Imagine this scenario: a CEO, CIO, CTO, CISO walk into a bar…
The CTO has heard about cocktails that go beyond the “pour and shake,” and asks the bartender what they know about molecular gastronomy to take their drink to the next level. The CIO considers the CTO’s choice, weighing the risk versus reward of trying something new. The CEO orders a Long Island iced tea – a bold, ambitious, and challenging choice that incorporates a bit of everything, but they know in their gut it is the right decision and direction. The CISO orders a water.
Why? Because somebody always must be the designated driver, taking the responsibility to protect the integrity of the entire team and organization. They are the eyes and ears, proactively anticipating what may happen, knowing the onus is also on them to respond reactively to anything that may occur.
While in a bar this may mean things getting a bit rowdy, in the security operations center (SOC) it means an entire business can be compromised, creating a catastrophic spiral of events that can have massive impact and implications for customers, not to mention severe cost to the business.
Needless to say, the consequences are more extreme than a hangover. They remain always-on in the mind of the CISO – and this isn’t the only challenge the role faces. It is no secret in the security industry that elevating the role of the CISO to carry equal weight and footing as the rest of the executive or c-suite has been an uphill battle. While progress has certainly been made, there is always more work to be done to thwart and combat the seemingly never-ending barrage of threats that continue to emerge.
Navigating ‘Whiskey’ Business
Nearly every industry has been impacted in some manner by the events of 2020 and so far, across 2021. Attacks have increased and promise to become even more plentiful, more sophisticated. Enterprises and organizations have struggled against unforeseen challenges, yet at the same time have faced increased pressure and demand to modernize, digitize, and transform.
We’ve seen that with today’s distributed workforce, cloud usage has increased, and enterprises are tasked with maintaining efficiency across even more endpoints – and keeping those endpoints safe. This has presented a tremendous opportunity for CISOs to maximize their full power and impact by proving to be the clear connection and catalyst merging technology and business.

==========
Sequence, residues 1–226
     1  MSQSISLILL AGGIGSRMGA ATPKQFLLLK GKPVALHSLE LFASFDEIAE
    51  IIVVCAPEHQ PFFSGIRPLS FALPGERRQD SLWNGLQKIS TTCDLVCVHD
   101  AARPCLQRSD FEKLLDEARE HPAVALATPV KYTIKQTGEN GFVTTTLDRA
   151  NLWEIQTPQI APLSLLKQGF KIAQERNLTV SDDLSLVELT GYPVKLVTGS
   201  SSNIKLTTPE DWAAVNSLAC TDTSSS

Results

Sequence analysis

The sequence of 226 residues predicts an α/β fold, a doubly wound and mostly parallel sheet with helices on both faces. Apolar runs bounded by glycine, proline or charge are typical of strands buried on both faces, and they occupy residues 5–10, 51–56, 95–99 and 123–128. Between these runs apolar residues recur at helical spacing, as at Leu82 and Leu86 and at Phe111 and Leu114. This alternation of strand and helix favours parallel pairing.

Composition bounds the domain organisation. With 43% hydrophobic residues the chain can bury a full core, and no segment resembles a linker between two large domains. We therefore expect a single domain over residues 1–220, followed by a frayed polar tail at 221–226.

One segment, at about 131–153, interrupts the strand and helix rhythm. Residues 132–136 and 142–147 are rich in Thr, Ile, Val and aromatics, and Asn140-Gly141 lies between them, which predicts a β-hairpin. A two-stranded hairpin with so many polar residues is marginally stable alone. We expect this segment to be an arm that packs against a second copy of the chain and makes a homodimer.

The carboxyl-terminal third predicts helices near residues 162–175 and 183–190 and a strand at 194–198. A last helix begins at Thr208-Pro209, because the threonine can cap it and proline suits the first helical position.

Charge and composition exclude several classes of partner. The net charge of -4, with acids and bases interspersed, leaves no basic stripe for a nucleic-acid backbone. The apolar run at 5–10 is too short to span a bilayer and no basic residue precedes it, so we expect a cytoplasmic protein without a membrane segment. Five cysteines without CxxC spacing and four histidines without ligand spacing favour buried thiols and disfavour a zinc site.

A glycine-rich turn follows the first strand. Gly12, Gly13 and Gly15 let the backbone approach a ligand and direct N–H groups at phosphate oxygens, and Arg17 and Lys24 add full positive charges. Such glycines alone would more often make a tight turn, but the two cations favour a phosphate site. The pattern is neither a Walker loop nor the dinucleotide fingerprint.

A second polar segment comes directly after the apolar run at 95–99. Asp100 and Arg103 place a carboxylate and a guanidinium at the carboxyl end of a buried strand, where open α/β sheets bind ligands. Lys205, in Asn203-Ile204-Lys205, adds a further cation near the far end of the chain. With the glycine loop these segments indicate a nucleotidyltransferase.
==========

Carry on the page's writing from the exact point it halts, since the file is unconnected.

This means today’s CISOs may need to do more with less, convincing fellow c-suite members that integration is more important than introducing new toolsets, applications, or solutions at a time when enterprises may be more vulnerable or susceptible to risk due to staffing constraints or conflicting priorities across the business. With the amount of change rapidly occurring across enterprises, CISOs have an increased impetus, responsibility, and opportunity to show enhanced value to the organization. They must continue to shift the perception that security can be a barrier to business efficiency and success and instead show that security is more than a compliance function, but a true business enabler.
One Part Security, Two Parts Business
In order for CISOs to be successful, they must stay steadfast in aligning with the CIO, CTO, CEO, and all the way up to the board. They can do this by showing up with data to demonstrate the impact (both past and potential) made to business, including proof points related to vendor sprawl and legacy technologies (and any associated cost or complexity) as well as insight into threats that were prevented and the damage they could have caused.
CISOs will also need to continue the shift on their end, adapting their role and approach from waiting for a compromise to happen to understanding threat actors, their common techniques, and how to get ahead. In short, they need to become what they fight against – proactive threat management means you need to think like a threat actor. Ideally, the CISO should not only be able to articulate business risks and impacts – they also need to show foresight and maturity to suggest controls or process improvements that can improve business efficiencies because security is built in to protect and enable this agility.
Once CISOs truly understand the business side of an organization and can not only relate but prove this value to the rest of the c-suite, they can be viewed as more of a strategic partner. With this line of thinking, the SOC can move from being viewed as a cost center to being a more deliberate and proactive part of the enterprise facilitating business success.